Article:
Old Skulls in a Murky New World

River Dolphins surfacing.  Photo by Cody Sullivan
River Dolphins surfacing. Photo by Cody Sullivan

By Cody Sullivan
BU News Service

While this topic is not in the news, nor is it a particularly large area of scientific study, I have been fascinated by the pink river dolphin’s skull for five years and counting.

My obsession started in the summer of 2009 when I worked in the Amazon as a research assistant on a pink river dolphin study. I loved these dolphins from the moment I first saw one. My skull morphology craze started in 2010 when I learned that pink river dolphins have primitive skulls.

First, I will present a brief introduction about why the shape of a dolphin’s skull matters. Echolocation is a well-known aspect of dolphin life. Dolphins send out bursts of high frequency sound that bounce off objects around them; the timing and directionality of these sound rebounds describe the surrounding environment. Most dolphins tell which direction a sound is coming from because the bones in their skulls are asymmetric. The sounds hit the skull on side sooner than the other, allowing a dolphin to determine which direction it came from. But like I said, only most dolphins have this skull asymmetry, and guess which dolphin doesn’t have an asymmetric skull, Pink River Dolphins!

Pink River Dolphins, or botos, are almost completely blind and live in the muddy Amazon River, and the Amazon’s flooded forests during the wet season – which add another level of navigational complexity with trees, roots, and submerged vegetation. It is plausible to assume that botos navigate through the flooded forests and murky waters by using echolocation as most dolphins do, but their skulls are almost entirely symmetric. By having a uniform skull, botos receive echolocation sound waves at the same time. They shouldn’t be able to tell direction with that skull shape.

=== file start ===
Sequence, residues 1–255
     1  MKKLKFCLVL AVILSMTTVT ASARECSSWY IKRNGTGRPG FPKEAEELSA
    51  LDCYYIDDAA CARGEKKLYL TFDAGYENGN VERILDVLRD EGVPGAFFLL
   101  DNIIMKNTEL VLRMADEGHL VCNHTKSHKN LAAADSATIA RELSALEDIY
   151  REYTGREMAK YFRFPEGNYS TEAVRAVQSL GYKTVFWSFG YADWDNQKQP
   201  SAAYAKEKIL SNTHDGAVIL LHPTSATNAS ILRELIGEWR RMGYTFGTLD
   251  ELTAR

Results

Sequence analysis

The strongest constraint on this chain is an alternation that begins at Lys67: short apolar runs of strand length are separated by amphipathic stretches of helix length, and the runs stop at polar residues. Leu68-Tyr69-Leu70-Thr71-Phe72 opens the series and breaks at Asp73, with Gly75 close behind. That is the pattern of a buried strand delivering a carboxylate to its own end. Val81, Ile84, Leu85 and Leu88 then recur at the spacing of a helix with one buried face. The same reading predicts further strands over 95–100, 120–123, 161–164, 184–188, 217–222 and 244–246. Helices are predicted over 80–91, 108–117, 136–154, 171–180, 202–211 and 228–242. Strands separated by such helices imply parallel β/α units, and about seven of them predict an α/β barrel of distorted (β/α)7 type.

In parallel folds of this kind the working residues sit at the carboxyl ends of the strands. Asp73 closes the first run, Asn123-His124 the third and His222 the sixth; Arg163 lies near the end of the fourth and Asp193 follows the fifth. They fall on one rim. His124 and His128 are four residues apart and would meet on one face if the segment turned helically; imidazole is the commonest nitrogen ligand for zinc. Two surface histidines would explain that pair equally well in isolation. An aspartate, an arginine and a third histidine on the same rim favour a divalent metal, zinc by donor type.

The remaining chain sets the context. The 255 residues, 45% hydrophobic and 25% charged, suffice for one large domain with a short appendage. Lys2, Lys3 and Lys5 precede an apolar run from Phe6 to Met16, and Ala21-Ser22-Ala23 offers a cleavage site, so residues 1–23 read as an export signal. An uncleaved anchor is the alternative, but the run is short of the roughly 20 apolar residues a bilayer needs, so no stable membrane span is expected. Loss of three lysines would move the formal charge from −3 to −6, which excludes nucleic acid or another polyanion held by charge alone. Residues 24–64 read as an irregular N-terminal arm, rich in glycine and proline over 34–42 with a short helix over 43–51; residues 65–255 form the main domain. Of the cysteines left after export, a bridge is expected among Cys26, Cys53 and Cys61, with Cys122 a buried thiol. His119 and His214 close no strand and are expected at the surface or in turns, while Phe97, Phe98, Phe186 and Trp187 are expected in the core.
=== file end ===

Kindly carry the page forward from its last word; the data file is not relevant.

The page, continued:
The symmetric skull is a very primitive trait compared to marine dolphins and their highfalutin asymmetry. I realize that the two dolphins have been geographically isolated for years upon years, and they have taken divergent evolutionary paths from each other, but why has no parallel evolution occurred? Birds and bats evolved flight separately. It would stand to reason that two closer related species could evolve the same skull shape. River dolphins also have a different ecologic role and environment than marine dolphins, but still, an orienting mechanism is needed. I am so confused by this. I am also confused, confounded and annoyed that there is no answer. What else could help a blind dolphin swim through a flooded forest? I need to know!

There have been two recent studies (this one here, and this one here) on skulls, sound generation and reception, and echolocation in dolphins, both marine and riverine, but neither satisfies me. How does a boto tell left from right?
Someone please answer this question for me!

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